Typhoon Talas Japan
September 5, 2011 by staff
Typhoon Talas Japan, Talas typhoon has killed 29 people in western Japan, and that sparked record rains that caused landslides and flooding. The typhoon, which now became a tropical storm, was the worst to hit the country in seven years. Up to 56 people are missing as the typhoon caused widespread damage.
The typhoon hit the coastal areas, with destructive winds and record rainfall this weekend before moving offshore in the Sea of?? Japan (East Sea), according to the Associated Press.
The Japan Meteorological Agency briefly classified the storm as a hurricane before landfall. However, the Typhoon Warning Center Joint is the storm-making landfall in Japan as a tropical storm, according to CNN.
According to Japan Meteorological Agency, Talas record brought rain in three prefectures in three days. The Japanese government created a task force for emergency search and rescue operations and to start rebuilding damaged communities.
Only in Wakayama Prefecture, eight people died and 32 remain missing since Sunday, police in the prefecture, Kyodo said.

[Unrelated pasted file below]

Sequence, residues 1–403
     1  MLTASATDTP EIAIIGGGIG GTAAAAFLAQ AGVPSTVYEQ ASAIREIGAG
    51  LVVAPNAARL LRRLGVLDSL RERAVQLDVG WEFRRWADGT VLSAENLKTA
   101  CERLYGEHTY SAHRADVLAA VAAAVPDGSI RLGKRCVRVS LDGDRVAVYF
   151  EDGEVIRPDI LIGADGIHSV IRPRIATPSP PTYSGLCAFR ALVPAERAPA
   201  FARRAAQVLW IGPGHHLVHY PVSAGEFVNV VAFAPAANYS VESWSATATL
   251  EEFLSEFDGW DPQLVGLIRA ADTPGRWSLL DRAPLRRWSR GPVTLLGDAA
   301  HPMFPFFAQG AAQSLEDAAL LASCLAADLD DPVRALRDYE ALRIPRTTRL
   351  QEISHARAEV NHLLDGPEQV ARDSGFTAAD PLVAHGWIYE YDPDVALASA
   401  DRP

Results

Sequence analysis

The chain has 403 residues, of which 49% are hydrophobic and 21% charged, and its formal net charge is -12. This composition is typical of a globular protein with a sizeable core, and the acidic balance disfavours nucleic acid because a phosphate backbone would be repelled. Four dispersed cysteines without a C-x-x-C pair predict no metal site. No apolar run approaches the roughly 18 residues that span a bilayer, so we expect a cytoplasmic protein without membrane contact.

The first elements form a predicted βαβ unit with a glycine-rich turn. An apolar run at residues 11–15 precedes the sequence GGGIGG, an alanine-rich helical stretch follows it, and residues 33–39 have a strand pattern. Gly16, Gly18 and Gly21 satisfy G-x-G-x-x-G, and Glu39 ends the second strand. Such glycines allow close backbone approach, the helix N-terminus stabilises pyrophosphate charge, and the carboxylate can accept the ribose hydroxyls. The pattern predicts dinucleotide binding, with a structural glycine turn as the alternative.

Evacuation orders were issued notices of 460,000 people as typhoon hit the region, according to the BBC. Japan Meteorological Agency warned that heavy rains and strong winds continuing.
Japanese rescue teams have resumed the search for thousands stranded. The government has established a working group for emergency search and rescue operations, and to start rebuilding damaged communities.
Over the weekend, authorities evacuated nearly one million people in the region as the winds hit up to 68 miles per hour on Sunday. News reports from the BBC that people have been cut with the bad weather in the mountains so it is impossible to reach them by helicopter.
Talas are the most destructive typhoon to strike Japan since 2004, when 98 people were killed or disappeared left.
The typhoon has had disastrous consequences for Japan, a country still recovering from the earthquake and tsunami that caused devastation in March, and entire villages have been flooded and destroyed bridges and houses.
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